Tag: Probate Code Section 16061.7

Why Contingency Fee Representation Is Hard to Obtain in Trust and Will Contests

We often receive inquiries about whether we will represent parties in California trust and will contests on a contingency basis.  In contingency representation, the lawyer does not collect a fee unless the client obtains a favorable settlement or court judgment.  Contingency fees usually are structured on a percentage basis, with the lawyer receiving perhaps 25-40 … Continue Reading

Stepmother vs. Stepchild, Now Playing in a California Probate Court Near You

Stepmothers are frequent characters in California trust and estate litigation, as they are in fairy tales and Disney movies.  With about half of all marriages ending in divorce, there are many stepmother/stepchild relationships.  Mostly they work out fine, but some go south. After blogging on sibling conflicts as a driver of trust and estate disputes, … Continue Reading

Just the FAQs: California Trust and Estate Litigation’s Greatest Hits, Part 1

In our Sacramento trust and estate litigation practice there are several questions that come up over and over again.  In many instances, these questions are the building blocks of our practice that lead to more complicated questions that sometimes require the filing of a lawsuit to answer.  As a starting place, below are some of … Continue Reading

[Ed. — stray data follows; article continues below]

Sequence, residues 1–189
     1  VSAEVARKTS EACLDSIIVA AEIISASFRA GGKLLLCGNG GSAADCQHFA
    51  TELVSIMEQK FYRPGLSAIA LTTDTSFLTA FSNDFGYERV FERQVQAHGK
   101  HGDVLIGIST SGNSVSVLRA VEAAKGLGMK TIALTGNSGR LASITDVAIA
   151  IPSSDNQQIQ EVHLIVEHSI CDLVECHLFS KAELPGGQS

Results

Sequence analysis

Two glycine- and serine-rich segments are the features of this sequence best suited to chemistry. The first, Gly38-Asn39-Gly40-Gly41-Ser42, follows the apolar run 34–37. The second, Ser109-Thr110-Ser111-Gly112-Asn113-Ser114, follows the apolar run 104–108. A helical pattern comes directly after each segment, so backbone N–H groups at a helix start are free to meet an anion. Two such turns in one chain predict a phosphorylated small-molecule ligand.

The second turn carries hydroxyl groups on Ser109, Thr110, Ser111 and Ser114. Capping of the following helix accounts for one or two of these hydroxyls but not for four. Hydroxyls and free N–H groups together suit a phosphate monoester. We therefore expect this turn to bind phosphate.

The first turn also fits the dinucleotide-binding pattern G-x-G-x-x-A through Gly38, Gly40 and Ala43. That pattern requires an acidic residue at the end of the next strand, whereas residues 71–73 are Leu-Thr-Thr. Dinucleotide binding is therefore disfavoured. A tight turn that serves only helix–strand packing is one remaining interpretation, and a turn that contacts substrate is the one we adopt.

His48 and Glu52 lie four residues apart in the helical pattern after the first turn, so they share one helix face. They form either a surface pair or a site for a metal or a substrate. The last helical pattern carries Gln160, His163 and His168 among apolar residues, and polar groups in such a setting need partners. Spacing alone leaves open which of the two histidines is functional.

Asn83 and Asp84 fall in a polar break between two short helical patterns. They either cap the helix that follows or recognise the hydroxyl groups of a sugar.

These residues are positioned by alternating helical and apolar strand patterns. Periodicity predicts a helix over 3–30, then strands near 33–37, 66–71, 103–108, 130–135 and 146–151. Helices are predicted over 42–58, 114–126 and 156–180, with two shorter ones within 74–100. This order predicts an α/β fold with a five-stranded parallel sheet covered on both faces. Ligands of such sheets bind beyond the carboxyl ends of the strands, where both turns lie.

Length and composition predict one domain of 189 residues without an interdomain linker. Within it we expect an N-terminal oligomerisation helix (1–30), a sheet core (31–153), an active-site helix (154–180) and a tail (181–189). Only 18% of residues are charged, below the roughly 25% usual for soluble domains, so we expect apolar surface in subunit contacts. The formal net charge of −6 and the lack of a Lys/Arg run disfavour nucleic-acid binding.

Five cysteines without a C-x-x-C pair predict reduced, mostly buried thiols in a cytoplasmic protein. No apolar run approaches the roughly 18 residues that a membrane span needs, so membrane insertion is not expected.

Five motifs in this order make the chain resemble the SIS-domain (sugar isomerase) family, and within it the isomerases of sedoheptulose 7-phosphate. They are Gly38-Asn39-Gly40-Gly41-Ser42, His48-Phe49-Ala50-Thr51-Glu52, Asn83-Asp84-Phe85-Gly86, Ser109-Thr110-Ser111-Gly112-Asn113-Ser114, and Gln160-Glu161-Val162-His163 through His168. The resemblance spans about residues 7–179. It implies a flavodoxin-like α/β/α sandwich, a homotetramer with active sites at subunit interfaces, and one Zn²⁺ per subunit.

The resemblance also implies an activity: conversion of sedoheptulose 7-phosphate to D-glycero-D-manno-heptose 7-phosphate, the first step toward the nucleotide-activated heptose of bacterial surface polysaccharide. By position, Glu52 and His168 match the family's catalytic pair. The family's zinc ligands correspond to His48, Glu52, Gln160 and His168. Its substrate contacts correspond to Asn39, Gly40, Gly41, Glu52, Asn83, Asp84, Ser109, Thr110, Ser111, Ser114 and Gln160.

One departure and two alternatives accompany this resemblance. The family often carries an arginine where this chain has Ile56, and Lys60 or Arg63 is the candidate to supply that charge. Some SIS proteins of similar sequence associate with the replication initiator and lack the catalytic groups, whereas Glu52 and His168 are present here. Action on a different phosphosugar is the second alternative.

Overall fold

Stepmother Prevails on Accounting Issues at Court of Appeal

Sometimes stepmothers are just misunderstood. Babbitt v. Superior Court (2016) 246 Cal.App.4th 1135, recently decided by the California Court of Appeal, involves one of the fact patterns that we often see in California trust litigation: children from a decedent’s prior marriage have conflict with their biological parent’s surviving spouse. In other words, after dad passes away, … Continue Reading

Tick, Tock … When Will I Get My Share of Mom and Dad’s Trust?

Most family trusts call for the outright distribution of assets to specific individuals (i.e., remainder beneficiaries) after the creators of the trust are gone.  In the most common scenario, the assets get doled out to the adult kids after Mom and Dad pass.  Even when a trustee is diligent and the situation is straightforward, it … Continue Reading
LexBlog